Randomization and intervention

      Eligible patients were randomly assigned (1:1) to either famciclovir 500 mg (one tablet) three times daily or acyclovir 800 mg (two capsules) five times daily according to a computer-generated randomization code. All therapy was given orally for 7 days.

      Study assessments

      Efficacy

      After the baseline assessment, lesions were evaluated by the investigator after 7 days of treatment and on days 7 and 21 post-therapy. The primary endpoint was defined as the time to full crusting of HZ lesions. Secondary endpoints were the proportion of patients who achieved complete cure and the individual score change for signs/symptoms (pain, vesicular lesions, loss of sensitivity, burning pain, and pruritus) according to the patient self-reported diary. Each sign/symptom was evaluated once daily for 28 days based on a VAS. Each patient self-administered the questionnaire, filling out the form before the beginning of treatment and then every day, on the basis of symptoms in the previous 24 h.

      Safety

      Serum electrolytes, liver enzymes, creatinine, and the full blood count were assessed at admission and before outpatient discharge. Decisions regarding discharge were made on an individual basis after a substantial improvement in symptoms.

      Statistical methods

      For all efficacy endpoints, the statistical analyses were performed in the per-protocol (PP) population, which included patients who were more compliant with the study protocol.
      The sample size was estimated to detect non-inferiority in the differences between the rates of completely cured patients in each group, presuming a cure rate of log(1.20) in the arm that received acyclovir, and a non-inferiority margin of -log(1.50). Assuming a dropout rate of 10% after randomization, 76 randomized patients per group (152 total) provided 80% power to show that the rate cured patients with famciclovir was noninferior to that of acyclovir at the 5% significance level.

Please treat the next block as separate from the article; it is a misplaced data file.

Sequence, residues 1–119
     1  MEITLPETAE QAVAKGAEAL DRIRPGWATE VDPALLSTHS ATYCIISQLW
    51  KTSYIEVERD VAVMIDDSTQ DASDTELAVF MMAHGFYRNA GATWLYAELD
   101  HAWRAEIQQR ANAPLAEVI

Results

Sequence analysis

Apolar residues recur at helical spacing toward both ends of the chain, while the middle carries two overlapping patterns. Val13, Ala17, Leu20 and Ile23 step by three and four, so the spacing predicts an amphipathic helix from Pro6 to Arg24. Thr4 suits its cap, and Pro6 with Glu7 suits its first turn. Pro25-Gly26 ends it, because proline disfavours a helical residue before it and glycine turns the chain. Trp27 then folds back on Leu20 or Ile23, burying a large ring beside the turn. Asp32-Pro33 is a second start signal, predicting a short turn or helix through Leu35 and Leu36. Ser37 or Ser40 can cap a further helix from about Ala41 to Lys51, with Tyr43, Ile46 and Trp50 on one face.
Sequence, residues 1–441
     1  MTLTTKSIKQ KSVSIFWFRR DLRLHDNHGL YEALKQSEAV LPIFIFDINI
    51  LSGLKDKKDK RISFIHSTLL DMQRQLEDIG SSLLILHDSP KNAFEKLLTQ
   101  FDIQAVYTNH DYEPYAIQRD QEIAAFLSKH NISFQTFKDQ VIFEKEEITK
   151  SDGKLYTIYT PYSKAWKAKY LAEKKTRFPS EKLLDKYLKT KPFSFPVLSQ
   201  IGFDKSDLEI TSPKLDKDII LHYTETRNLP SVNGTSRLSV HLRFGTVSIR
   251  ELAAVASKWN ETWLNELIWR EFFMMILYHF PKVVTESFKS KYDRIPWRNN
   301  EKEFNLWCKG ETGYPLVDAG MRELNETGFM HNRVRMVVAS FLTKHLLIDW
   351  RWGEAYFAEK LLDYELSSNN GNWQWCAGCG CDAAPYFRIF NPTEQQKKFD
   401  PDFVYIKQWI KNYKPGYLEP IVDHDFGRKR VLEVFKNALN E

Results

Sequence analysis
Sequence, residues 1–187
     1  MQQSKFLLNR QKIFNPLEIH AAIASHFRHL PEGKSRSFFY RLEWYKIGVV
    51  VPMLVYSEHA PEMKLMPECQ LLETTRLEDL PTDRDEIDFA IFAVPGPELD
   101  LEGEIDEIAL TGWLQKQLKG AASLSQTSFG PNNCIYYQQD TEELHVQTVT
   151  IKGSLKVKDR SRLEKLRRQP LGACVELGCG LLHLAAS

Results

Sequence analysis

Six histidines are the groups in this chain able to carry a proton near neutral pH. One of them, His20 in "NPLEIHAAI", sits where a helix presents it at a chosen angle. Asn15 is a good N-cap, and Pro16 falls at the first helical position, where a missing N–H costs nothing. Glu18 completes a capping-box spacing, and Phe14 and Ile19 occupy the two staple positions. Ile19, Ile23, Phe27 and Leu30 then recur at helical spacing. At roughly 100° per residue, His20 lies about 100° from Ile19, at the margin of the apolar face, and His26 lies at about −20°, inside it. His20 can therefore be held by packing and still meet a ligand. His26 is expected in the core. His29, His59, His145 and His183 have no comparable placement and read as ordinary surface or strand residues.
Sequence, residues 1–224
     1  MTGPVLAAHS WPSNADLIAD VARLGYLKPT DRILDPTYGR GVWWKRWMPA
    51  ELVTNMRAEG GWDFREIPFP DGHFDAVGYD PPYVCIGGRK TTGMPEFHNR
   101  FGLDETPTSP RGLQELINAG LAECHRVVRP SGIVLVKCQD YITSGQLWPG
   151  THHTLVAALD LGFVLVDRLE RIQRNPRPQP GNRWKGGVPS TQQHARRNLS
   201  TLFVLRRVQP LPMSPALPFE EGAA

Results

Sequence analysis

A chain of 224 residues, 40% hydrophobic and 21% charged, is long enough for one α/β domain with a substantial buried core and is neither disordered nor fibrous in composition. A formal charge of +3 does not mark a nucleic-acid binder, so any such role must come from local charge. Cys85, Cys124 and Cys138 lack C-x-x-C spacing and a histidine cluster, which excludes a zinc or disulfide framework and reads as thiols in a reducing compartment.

All analyses were conducted using R 3.4.3 (The R Project for Statistical Computing, 2017) in R-studio 1.0.136 (RStudio Inc., Boston, MA, USA).

      Results

      A total of 174 patients were enrolled and randomized. These 174 patients started treatment between December 2015 and July 2017. Twenty-three patients were discontinued (Figure 1). Common reasons for discontinuation were loss to follow-up (two in the acyclovir group and three in the famciclovir group), withdrawal of consent (three on acyclovir and two on famciclovir), and protocol violation (four on acyclovir and six on famciclovir). Other reasons included lack of adherence (one on famciclovir), adverse event (one on famciclovir), and investigator decision (one on acyclovir).
      There were no clinically meaningful differences between the treatment groups in patient characteristics at baseline (Table 1). More than half of the patients were female (64.9%). The median age was 59 years (range 18–92 years), and the mean baseline VAS scores for the symptoms/signs were 6.16 ± 2.86 for pain, 6.43 ± 1.88 for vesicular lesions, 3.59 ± 3.31 for loss of sensitivity, 6.26 ± 2.90 for burning pain, and 5.34 ± 3.45 for pruritus.
      Table 1Descriptive statistics for demographic data and baseline visual analog scale (VAS) scores for signs and symptoms; mean ± standard deviation values, unless stated otherwise.
      VariableOverall

      N = 174
      Famciclovir

      n = 88
      Acyclovir

      n = 86
      p-Value
      Female, n (%)113 (64.9%)60 (68.18%)55 (61.63%)0.428
      Fisher’s test.
      Age (years)54.94 ± 17.2855.90 ± 17.8453.95 ± 16.750.460
      The t-test.
      Weight (kg)73.98 ± 15.7073.81 ± 16.0274.16 ± 15,470.887
      The t-test.
      Height (cm)164.15 ± 9.86163.59 ± 10.40164.73 ± 9.290.449
      The t-test.
      Baseline evaluation (VAS, mm)
      Pain6.16 ± 2.866.32 ± 2.815.99 ± 2.920.449
      The t-test.
      Vesicular lesions6.43 ± 1.886.55 ± 2.096.31 ± 1.650.419
      The t-test.
      Loss of sensitivity3.59 ± 3.313.44 ± 3.273.74 ± 3.370.550
      The t-test.